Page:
For most temperate climate growers, the primary seed-sowing time is the spring. But it is important, if you want to grow year-round, to continue sowing throughout the rest of the growing season.
While there is usually a lull around midsummer, I sow more crops for autumn, winter, and the following spring while the current summer is very much still in full flow.
Many of the crops that will overwinter outside in garden have already been sown in July—such as some brassicas, for example. And some overwintering crops, like peas and beans, winter onions, and garlic, will not be sown until autumn arrives, in September or October. But here’s what I have or will sow in my vegetable garden this August
Lettuce & Other Leafy Greens
Cut-and-Come Again Lettues, Land Cress, Chards, Endives, Radicchio
The great thing about many lettuce varieties, especially cut-and-come-again varieties, is that they can provide a very quick crop. Some sown in August can be ready to harvest in only a month or so, making them available for autumn and winter eating.
Longer-term lettuces can also be sown this month for winter or early spring harvesting. And land cress, chards/perpetual spinach, and endives/radicchio, are other hardier winter greens that I sow through later summer and into fall for harvests through the colder months in my polytunnel.
Kale, Broccoli, Tatsoi, Pak Choi, Mizuna, and More
Not mentioned above are many other leafy vegetables belonging to the cabbage or brassica plant family. But brassicas are, where I live, staples of the winter garden. And they are in many other locations too. This group of plants offers a range of options for cool season/winter growing.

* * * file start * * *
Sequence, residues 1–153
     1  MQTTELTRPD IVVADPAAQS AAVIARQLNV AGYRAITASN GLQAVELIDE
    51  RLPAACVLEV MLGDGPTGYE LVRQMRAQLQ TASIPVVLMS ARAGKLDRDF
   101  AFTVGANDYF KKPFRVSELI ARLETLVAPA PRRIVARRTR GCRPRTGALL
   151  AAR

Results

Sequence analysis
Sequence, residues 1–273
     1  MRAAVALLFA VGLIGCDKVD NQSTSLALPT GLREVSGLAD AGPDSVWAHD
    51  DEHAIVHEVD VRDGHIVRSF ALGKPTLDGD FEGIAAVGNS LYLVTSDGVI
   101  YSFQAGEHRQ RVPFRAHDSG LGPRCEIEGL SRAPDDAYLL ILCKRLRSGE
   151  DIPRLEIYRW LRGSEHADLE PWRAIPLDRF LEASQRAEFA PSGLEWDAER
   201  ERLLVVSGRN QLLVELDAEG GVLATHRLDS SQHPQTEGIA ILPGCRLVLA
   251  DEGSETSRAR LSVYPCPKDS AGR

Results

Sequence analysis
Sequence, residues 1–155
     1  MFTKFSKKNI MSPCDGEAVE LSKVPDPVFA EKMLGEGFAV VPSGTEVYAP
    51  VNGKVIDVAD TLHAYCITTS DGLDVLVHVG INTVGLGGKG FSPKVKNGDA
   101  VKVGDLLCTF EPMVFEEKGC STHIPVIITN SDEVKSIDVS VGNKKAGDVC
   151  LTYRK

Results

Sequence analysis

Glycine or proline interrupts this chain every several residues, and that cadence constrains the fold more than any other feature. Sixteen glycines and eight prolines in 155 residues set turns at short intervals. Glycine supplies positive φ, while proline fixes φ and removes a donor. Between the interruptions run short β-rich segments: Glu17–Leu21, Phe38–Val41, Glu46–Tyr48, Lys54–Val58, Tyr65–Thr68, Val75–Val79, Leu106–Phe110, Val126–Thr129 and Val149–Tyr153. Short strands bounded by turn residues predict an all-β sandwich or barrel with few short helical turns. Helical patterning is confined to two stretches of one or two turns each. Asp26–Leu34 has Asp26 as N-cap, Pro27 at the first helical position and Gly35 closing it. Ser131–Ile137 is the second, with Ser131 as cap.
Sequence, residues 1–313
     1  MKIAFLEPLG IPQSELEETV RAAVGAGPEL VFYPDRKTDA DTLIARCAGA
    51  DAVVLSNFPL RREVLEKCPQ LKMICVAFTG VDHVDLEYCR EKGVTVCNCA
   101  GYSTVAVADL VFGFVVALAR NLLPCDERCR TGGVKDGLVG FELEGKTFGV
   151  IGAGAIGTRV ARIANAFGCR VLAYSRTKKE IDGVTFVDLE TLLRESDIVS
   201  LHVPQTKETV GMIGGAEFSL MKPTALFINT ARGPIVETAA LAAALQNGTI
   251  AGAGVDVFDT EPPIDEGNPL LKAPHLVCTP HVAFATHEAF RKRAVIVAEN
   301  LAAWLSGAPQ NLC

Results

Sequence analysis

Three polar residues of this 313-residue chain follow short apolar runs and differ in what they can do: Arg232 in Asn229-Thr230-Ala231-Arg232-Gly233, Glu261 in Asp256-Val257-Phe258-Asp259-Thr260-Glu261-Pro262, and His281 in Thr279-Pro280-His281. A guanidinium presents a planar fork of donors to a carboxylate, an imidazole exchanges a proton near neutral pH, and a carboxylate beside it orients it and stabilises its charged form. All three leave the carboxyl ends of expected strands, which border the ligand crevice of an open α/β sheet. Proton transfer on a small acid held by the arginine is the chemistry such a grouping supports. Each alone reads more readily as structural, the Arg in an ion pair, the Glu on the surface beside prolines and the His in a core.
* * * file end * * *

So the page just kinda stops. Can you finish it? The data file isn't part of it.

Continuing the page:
Kale can be eaten while they are small over the autumn or overwintered for a staple and hardy winter crop.
You can continue to sow a wide range this month and next in my polytunnel, including tatsoi, pak choi, mizuna, mibuna, various mustard greens, and more.
Bunching Onions, Scallions, Spring Onions
Many gardeners will sow onion sets and garlic sets in autumn for overwintering. Onions grown for their greens are easier to grow from seed than bulb-forming ones.
These onions are not just grown for their edible yield. One of the other main reasons that I like to make sure I sow some this month is that they make a great companion crop for other winter crops or overwintering species. They are helpful with their pungent aroma in organic pest control.
French Breakfast, Red Globe, Black Spanish, Daikon
Radishes are sown little and often throughout the growing season, and as long as they get enough water
Keep sowing in August, and this can help you to transition from summer into the following seasons and develop a garden that won’t just feed you and your family in summer but all year round.